When coming to a stop, stop so you can see the bottom of the rear tires of the vehicle in front of you. This is because:

  • if you are rear-ended, you will be less likely to rear-end the car in front of you
  • if the car in front stalls, you can go around it without backing up
  • you will not be boxed in if someone threatening approaches your car
  • if you are on a hill, you have room if the car in front rolls back
  • there is more room for error when braking


    Always wear a seatbelt. Wear it correctly. Wear the shoulderbelt.

    Avoid putting children in the front. Never put a child safety seat in the front.

    your physical condition

    If you are incapable of driving, do not do so. This includes drowsiness.


    Keep your window rolled all the way down or most of the way up. In side-impact collisions, there is a greater chance of injury if the window is rolled halfway (at head height).

    Ignore drivers who cut you off. Nothing can be gained by tailgating them.

  • "The node that could save your life..."

    It seems that everyone thinks they are an above average driver. Unfortunately this is not true (it is in fact statistically impossible). Proof of this can be seen at most intersections in the form of black skidmarks, and in wrecking yards as smashed vehicles.

    As humans are not perfect, accidents are inevitable but there are ways of maximising your chances of avoiding one. Here I will focus on the basic aspects of driving a road car in a way that is safe. Anyone wanting a crash course in race driving should look elsewhere.

    You and the car:

    Firstly, think about how you sit in the driver's seat. What would happen if you were hit on the left or right? Although much better than older models, the bucket seats in modern cars aren't ideal for emergency situations. The need to compromise between various body shapes and sizes means that you don't get optimum support in the case of side impacts.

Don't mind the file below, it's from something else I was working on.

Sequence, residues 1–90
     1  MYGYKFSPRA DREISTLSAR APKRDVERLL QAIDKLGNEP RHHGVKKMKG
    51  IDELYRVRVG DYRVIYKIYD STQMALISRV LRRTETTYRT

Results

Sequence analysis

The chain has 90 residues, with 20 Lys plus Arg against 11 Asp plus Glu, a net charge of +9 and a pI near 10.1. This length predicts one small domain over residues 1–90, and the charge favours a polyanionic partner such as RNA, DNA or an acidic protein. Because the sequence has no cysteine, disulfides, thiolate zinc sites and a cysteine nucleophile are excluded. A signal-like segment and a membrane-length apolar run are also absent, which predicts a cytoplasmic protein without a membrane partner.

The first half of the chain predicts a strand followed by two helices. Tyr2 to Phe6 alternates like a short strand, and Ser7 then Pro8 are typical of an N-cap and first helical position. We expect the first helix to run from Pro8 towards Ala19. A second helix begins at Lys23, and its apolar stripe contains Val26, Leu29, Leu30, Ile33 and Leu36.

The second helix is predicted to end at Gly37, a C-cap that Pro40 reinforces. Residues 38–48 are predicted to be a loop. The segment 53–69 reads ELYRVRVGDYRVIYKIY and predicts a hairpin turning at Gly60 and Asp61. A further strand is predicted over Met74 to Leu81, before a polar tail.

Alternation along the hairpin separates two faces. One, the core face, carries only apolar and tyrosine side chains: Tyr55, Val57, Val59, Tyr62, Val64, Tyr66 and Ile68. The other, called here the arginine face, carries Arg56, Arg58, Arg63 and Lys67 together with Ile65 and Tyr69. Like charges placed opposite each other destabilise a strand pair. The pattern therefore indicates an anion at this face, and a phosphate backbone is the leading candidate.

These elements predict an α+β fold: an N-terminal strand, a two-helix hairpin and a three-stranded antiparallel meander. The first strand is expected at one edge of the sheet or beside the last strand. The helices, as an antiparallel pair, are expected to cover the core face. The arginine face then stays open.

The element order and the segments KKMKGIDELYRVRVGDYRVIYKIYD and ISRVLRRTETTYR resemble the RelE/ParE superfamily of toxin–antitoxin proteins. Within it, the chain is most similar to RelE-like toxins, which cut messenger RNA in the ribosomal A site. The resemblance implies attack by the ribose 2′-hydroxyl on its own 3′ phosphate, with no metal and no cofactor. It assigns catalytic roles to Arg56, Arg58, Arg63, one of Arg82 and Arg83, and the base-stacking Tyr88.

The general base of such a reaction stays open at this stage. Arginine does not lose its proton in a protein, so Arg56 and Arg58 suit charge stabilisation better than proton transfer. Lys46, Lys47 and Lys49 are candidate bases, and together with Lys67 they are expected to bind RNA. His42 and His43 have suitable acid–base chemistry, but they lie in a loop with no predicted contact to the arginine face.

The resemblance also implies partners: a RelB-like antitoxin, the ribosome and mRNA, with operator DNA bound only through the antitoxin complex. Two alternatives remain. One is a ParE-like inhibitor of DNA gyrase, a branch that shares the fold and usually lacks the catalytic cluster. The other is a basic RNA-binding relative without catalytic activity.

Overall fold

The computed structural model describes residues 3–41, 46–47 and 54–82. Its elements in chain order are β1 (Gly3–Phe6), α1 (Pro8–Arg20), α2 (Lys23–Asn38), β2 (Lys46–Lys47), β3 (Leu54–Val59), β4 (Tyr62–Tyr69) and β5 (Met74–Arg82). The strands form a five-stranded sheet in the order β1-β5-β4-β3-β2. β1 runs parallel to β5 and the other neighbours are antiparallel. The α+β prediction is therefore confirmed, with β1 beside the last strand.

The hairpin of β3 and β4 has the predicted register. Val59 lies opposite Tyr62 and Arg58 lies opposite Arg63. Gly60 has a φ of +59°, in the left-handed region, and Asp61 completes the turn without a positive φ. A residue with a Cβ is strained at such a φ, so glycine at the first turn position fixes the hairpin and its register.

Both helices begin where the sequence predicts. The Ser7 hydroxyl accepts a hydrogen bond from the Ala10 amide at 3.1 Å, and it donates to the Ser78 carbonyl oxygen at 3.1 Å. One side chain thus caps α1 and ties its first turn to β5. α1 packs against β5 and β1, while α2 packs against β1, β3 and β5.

To maximize your protection, sit with your bum right back in the "bucket", fairly upright with shoulders relaxed. When driving don't lean foward over the steering wheel. The wheel is there as a control, not an armrest. Stay snuggly back in the seat, this way you become an extension of the car and the added feel helps you stay in control.

    You may have heard that the best place to hold the wheel is in the "10 O'clock / 2 O'clock" position (as in when you look at a clock face). This belief comes from race car drivers who usually never have to turn the wheel more than about half lock. A better position in a road car is more like "9 / 3 O'clock" (hands on the sides of the wheel). This helps to keep your shoulders relaxed while still allowing for the control of the previous technique.

    Your feet should be able to rest on the footrest or floor without fully extending (ie still be slightly bent). This allows you to push yourself back into the seat when braking hard or in an emergency - giving you better support.

    Ok you're positioned correctly in the seat, now it's time to get on the road and practice a few techniques that could save your life.


    Perhaps the most obvious way to avoid an accident is to stop before you have it. Many people make the mistake of stomping on the brakes, thinking that this will stop them the fastest. Wrong. Unless your car has ABS this will just cause the wheels to lock up and skid - right into the obstruction you were trying to avoid. To ensure that you react correctly in a emergency you should practice the following: